Animator living his childhood dream

Friday March 2 2018

Malinga tells stories through animation and cartoons to make a living

At 28, Malinga tells stories through animation and cartoons to make a living. PHOTO BY GODFREY LUGAAJU 

By Desire Mbabaali

Rymond Malinga casually moves a pencil-like tool as he draws almost invisible images off a plastic board.
The drawings, however, appear on a computer screen just in front of him.
Smarting in a short sleeved shirt matched over black trousers and a pair of suede brown loafers, Malinga tells of his love for art, a genre through which he expresses emotions and tells stories.
“I have always been a story teller. And now I tell my stories through film, cartoons and animation,” he says, as he flips through a file of animated drawings.
His story telling, unlike what most of us are used to, he says, is told in drawings in form of animations and cartoons.

After completing high school in 2000, Malinga, just like any young man, was thrilled to join university.
Thus he applied at Makerere University to study Computer Science, something he had always dreamed of.
However, as luck might have it, another opportunity came knocking and it is then that he moved to Malaysia to study a degree in Animation from the Multimedia University.

While in Malaysia, Malinga laid the foundation through which he would establish a company Creatures - to do what he loved most – animation and cartooning.
“I had to do whatever was possible to lay the foundation. I had always loved film, animation and cartoons. So I reasoned that if I had the three, I would use them well with my storytelling talent to create something for myself,” he says.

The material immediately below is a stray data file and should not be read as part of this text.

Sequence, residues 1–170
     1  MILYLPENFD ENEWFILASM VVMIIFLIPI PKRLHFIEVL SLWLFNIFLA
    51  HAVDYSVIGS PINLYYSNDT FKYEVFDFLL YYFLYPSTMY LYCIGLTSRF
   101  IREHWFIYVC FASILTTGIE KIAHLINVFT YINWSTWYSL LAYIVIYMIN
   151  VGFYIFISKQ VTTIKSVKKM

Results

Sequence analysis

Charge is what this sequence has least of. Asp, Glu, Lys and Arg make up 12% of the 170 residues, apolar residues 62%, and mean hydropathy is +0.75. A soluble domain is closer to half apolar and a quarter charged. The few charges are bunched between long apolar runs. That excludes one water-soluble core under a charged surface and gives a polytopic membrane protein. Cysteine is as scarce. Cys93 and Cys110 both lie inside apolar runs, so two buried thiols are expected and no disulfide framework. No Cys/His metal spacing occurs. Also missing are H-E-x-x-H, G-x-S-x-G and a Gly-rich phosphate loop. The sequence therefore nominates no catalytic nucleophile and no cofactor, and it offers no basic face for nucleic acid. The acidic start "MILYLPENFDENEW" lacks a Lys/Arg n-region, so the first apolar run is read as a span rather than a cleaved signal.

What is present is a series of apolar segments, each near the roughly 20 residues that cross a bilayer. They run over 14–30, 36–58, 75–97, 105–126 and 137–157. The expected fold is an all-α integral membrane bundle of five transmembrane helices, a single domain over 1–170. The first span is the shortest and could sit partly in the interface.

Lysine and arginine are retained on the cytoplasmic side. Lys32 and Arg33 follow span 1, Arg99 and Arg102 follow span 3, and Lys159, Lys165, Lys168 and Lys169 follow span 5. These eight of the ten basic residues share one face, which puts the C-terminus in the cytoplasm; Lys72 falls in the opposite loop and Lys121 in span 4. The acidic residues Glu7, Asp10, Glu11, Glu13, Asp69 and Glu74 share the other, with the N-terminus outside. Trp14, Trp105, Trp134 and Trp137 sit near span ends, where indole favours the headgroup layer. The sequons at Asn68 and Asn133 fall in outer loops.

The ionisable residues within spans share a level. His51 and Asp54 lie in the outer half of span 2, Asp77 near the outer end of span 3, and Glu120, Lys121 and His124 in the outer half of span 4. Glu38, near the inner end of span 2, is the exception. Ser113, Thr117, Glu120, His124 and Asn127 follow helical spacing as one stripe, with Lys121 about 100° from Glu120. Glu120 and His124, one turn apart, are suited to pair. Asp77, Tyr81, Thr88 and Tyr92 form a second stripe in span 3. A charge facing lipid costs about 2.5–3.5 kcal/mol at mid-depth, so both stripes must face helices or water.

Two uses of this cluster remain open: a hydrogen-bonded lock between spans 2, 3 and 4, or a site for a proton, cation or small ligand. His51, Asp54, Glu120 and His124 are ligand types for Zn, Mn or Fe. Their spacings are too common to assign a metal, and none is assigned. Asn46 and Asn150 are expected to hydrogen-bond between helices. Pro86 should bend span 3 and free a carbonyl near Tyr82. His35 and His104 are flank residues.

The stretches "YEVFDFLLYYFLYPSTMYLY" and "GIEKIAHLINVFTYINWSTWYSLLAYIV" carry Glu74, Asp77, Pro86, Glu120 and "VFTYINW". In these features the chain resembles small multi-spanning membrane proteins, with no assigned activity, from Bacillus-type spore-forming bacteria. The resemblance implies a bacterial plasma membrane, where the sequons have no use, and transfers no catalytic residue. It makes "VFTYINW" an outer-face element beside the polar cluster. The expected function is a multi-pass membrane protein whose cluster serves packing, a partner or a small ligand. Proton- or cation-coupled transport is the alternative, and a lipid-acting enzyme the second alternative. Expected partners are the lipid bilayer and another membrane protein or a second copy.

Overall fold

For four years, Malinga perfected his art and it was not surprising that even when he was still in school he would get opportunities through which he would make some little money for upkeep.
“I, together with other colleagues at university, worked on a project which won an award and we were hired by Wau Animation Studio in Malaysia on a show called Ejen Ali,” he says.

On the show Malinga worked as a production executive, which gave him the experience and expertise that he needed to form his own company back in Uganda.
For seven months he worked on the show as his family worked around the clock to process his papers so that he would stay and work in Malaysia.

However, staying in Malaysia was not any of his plan.
“I wanted to come back to [Uganda] to start something of my own. My parents wanted me to stay in Malaysia but I was beginning to feel uncomfortable. I gathered courage and told them my mind,” he says.
“I had gained enough knowledge and experience to do whatever I wanted and anywhere,” he adds.
Besides, Malinga says, he saw no logic in giving his labour to another country for something that he could easily do in his own country.

Returning to Uganda
In 2014 Malinga returned to Uganda to create Creatures, a 3D (Three-Dimension) animation studio that makes cartoons.
“I had saved enough to start a small company. I started with a few friends in the boy’s quarters at home before moving to my young brother’s garage, who is also my business partner,” he says.
Currently, Malinga does his work at Design Hub Kampala, a holding centre for young innovators.
However, he has had to make many adjustments, especially in regard to dealing with a Uganda that lowly appreciates animations and cartooning.
“You do a 20 minute animation, which takes you a lot of time and money but someone wants to pay you just a few hundred thousand shillings,” he says.
This, he says, is a cultural shock, which when compared to Malaysia puts Uganda far behind.
“I remember our first client. We pitched the idea and he really liked it, then he asked for the price. When we told him, he said the amount was almost his profit for the quarter. We had to adjust and by the time we agree on how much he had to pay, we were almost working for free,” he says.